“Simplifying this up would be like the most basic thing that we could get. It's free, it's not gonna cost them anything. From there we need to train health professionals on how to work with people of different genders.”

Joshua Baker He/Him

“There absolutely needs to be a rainbow community minister. I'm surprised that they don't have one already. They have a rainbow room, might as well. Come on, guys.”

“I think as long as they're involving the community, the rainbow community, in everything that they do, that’s where it needs to be. We need to include people who have lived experience when we are making policy that impacts other people with lived experience.”

Abby Pederson She/Her

“Something really important to me in my journey of being a member of the rainbow community would be a focus on education. Implementing gender and sexuality into the curriculum and ensuring school is a safe space for everyone in the rainbow community.”

“Same-sex relationships weren’t even talked about in my school, I think that at the bare minimum that is something that needs to be discussed in a school setting. I don’t know about you but my sex education teacher was also a health and PE teacher, did they get taught about these things in teacher's college? That should be compulsory for every teacher.”

Petazae Thoms He/Him

“I'd love to see an actual policy that could allow gender diverse students to go to the school that they choose, and not have backlash for. I also want there to be a standard or competency level each school has to reach when it comes to sexuality education. It needs to come from the top, we can’t just lay that burden on students and families.”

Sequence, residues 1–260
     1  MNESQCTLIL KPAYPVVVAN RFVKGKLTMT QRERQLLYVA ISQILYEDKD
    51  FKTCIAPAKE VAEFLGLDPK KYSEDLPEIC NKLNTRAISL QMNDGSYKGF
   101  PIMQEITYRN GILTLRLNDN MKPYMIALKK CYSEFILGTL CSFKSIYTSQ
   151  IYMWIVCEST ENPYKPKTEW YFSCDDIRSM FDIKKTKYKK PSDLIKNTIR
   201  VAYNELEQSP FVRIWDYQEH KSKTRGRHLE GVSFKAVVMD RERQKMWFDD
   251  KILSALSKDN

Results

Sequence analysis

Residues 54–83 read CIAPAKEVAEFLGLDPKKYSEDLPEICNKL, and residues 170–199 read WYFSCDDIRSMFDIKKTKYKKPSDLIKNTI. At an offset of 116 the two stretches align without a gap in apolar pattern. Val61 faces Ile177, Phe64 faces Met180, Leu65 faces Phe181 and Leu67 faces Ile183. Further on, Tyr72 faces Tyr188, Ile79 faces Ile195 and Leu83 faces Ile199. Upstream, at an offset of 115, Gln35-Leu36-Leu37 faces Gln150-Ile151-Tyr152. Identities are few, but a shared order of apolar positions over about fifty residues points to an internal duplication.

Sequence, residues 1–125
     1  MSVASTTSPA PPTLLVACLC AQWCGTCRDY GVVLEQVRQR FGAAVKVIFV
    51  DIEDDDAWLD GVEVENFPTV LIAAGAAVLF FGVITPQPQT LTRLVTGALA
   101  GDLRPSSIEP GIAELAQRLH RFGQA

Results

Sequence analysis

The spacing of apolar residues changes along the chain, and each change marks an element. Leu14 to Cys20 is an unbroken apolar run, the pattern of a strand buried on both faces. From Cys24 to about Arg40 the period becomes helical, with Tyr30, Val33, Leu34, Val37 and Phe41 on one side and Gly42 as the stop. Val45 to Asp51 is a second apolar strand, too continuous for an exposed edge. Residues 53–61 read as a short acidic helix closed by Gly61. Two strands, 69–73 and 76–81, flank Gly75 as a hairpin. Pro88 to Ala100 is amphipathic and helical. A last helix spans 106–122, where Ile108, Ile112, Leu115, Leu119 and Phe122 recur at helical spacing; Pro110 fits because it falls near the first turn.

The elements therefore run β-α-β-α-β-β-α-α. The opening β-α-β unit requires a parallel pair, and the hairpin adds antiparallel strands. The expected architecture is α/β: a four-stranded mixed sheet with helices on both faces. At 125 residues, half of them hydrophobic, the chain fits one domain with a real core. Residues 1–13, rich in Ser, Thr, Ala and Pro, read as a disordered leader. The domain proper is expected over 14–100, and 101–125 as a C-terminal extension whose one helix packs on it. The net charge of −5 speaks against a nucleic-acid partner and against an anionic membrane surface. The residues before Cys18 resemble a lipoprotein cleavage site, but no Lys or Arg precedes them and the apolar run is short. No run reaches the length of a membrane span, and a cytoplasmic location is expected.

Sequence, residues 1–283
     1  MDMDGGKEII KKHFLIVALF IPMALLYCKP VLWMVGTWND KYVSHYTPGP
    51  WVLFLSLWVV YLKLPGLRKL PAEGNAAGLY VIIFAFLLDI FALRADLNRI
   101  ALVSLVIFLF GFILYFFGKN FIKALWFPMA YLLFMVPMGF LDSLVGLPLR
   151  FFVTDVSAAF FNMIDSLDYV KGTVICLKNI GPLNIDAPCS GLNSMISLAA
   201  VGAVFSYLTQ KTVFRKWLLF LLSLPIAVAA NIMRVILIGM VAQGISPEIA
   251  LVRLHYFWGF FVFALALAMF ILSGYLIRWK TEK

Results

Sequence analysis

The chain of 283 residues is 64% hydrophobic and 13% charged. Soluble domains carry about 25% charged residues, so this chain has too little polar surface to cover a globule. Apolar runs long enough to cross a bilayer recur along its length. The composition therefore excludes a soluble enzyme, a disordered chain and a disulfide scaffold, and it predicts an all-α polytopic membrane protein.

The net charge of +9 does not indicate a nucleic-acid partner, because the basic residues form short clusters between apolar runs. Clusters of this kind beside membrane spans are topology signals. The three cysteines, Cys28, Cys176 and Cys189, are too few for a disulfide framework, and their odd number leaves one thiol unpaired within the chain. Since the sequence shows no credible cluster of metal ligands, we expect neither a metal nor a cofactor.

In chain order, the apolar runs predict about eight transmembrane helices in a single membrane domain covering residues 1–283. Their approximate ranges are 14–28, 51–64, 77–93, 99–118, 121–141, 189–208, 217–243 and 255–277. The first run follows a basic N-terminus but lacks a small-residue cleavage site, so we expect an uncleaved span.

Last week, Rainbow Election 2020 and Medusa Collective, an artist hubspace on Karangahape Road, held a hui to publicly launch the tool and discuss the rainbow policies our politicians are putting forward this year. 

National, Labour, the Greens and TOP were represented. The ACT party declined to attend and The Māori Party did not respond to the offer.

Overall, there was a lot of consensus over topics that ranged from mental health to education, rare for a political debate. 

Labour, Greens and The Opportunities party all supported a ban on conversion therapy. Green MP Chlöe Swarbrick called it a “a form of physical and psychological abuse and the imposition of trauma and grief,” and said other jurisdictions have banned it, “and we need to get on with it.”

National Auckland Central candidate Emma Mellow said that National will look at the issue when it is pulled from the ballot in the future as they will treat this as a conscience issue. “But I'll be very clear on my thoughts on it, I think that no one should be forced to be trying to be cured for who they love,” she said.

Everyone agreed that improving health services for rainbow communities has a long way to go. Emma Mellow says the current mental health system is not working, and she wants to see e-services and health practitioners attend mental health emergencies alongside first responders.

Labour MP Louisa Wall was vocal about wanting the government to step back when it comes to deciding what is appropriate for communities. “The best thing we can do is actually fund and support the capacity within our communities to help ourselves, because communities know what their communities need.”

Chlöe, Emma and TOP’s deputy leader Shai Navot all echoed this sentiment. Shai said a “decentralised approach” to health care is urgently needed. “Politicians are not experts in these fields and do not have all the answers. So it is about deferring to the communities and the experts who do.”

Every politician said they needed to learn more about what rainbow communities need, and they encourage people to come forward and help them.


*Not her real name